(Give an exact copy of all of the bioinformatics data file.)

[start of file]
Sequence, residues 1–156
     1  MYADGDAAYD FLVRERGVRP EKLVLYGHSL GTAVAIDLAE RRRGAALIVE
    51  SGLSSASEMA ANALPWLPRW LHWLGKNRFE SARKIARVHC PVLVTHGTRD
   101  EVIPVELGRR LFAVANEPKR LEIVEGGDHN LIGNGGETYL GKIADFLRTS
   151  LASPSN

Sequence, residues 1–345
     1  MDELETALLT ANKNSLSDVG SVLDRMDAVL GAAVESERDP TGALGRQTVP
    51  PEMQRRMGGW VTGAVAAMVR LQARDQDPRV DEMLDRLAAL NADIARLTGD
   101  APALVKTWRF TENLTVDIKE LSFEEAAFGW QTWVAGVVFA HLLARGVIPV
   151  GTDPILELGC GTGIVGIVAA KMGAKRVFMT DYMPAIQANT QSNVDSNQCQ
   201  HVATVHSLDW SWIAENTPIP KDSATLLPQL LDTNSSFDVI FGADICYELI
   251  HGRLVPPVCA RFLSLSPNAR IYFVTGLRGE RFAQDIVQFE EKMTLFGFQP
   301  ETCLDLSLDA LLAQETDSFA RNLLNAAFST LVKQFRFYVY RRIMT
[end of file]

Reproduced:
Sequence, residues 1–156
     1  MYADGDAAYD FLVRERGVRP EKLVLYGHSL GTAVAIDLAE RRRGAALIVE
    51  SGLSSASEMA ANALPWLPRW LHWLGKNRFE SARKIARVHC PVLVTHGTRD
   101  EVIPVELGRR LFAVANEPKR LEIVEGGDHN LIGNGGETYL GKIADFLRTS
   151  LASPSN

Sequence, residues 1–345
     1  MDELETALLT ANKNSLSDVG SVLDRMDAVL GAAVESERDP TGALGRQTVP
    51  PEMQRRMGGW VTGAVAAMVR LQARDQDPRV DEMLDRLAAL NADIARLTGD
   101  APALVKTWRF TENLTVDIKE LSFEEAAFGW QTWVAGVVFA HLLARGVIPV
   151  GTDPILELGC GTGIVGIVAA KMGAKRVFMT DYMPAIQANT QSNVDSNQCQ
   201  HVATVHSLDW SWIAENTPIP KDSATLLPQL LDTNSSFDVI FGADICYELI
   251  HGRLVPPVCA RFLSLSPNAR IYFVTGLRGE RFAQDIVQFE EKMTLFGFQP
   301  ETCLDLSLDA LLAQETDSFA RNLLNAAFST LVKQFRFYVY RRIMT